Serco's healthcare in Suffolk 'safe', says review

Serco Care Coordination Centre in Ipswich Serco's care co-ordination centre in Ipswich provides a central point for patient referrals

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A review of healthcare provided across Suffolk by private firm Serco has found no evidence its services have "resulted in any harm to patients".

Serco took on the £140m three-year contract to run community health services in Suffolk in October 2012.

In November concerns were raised that some response targets were being missed.

A four-month NHS review found services were being provided safely although improvements were needed.

It said staff morale needed to be improved, along with the recruitment and retention of staff. It also said there had to be better communication between Serco, GPs and other health providers.

The Quality Review was conducted by the NHS Ipswich and East Suffolk Clinical Commissioning Group and NHS West Suffolk Clinical Commissioning Group, the GP-led organisations responsible for buying and managing community health services.

Areas for improvement

It also highlighted two unexpected deaths in 2013, and one in 2012. However, the review said unexpected deaths are not necessarily deaths that could be avoided.

In November, the BBC was shown unpublished figures which indicated Serco's community intervention teams were failing to meet urgent four-hour response targets - for nurses and therapists to reach patients at home.

The BBC also heard concerns from some nurses working for Serco that staffing shortages meant some community intervention teams in Suffolk did not have cover at night, resulting in some patients being admitted to hospital.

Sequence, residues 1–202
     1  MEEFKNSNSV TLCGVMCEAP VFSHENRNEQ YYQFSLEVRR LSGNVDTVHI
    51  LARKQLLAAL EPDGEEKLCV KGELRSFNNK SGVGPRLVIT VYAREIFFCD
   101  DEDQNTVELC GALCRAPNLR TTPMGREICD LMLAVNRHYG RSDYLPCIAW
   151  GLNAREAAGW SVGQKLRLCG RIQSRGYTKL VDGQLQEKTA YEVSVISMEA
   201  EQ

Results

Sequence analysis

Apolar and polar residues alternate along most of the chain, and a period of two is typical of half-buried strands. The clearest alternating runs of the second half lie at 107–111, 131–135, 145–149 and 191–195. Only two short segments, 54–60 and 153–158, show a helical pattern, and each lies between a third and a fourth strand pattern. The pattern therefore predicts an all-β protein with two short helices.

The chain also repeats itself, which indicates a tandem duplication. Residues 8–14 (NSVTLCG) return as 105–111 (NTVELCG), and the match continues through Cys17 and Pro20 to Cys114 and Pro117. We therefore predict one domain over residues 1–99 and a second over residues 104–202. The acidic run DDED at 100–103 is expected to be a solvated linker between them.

The review concluded: "The review has found no evidence that the programme of change being implemented by Serco has resulted in any harm to patients."

Dr Imran Qureshi, a GP in Ipswich and chairman of the clinical executive of the NHS Ipswich and East Suffolk CCG, said: "Areas identified as being in need of improvement include staff morale, recruitment and retention; a review of procedures at the Ipswich care co-ordination centre; better communications between Serco, GPs and commissioners and better performance from the community equipment store. "

Abi Tierney, Serco development director, said: "We are deeply committed to the delivery of high-quality patient services that meet the needs of local people so this review is very good news, but the review also highlights some areas for improvement, including the recruitment and retention of good staff, better communication with GPs and health commissioners and better performance from the community equipment store."

Serco runs a range of services including community hospitals in Aldeburgh, Felixstowe, Ipswich and Newmarket; community dental care; children's paediatric speech and language therapy; community children's nursing, and the child and family community clinical psychology team.

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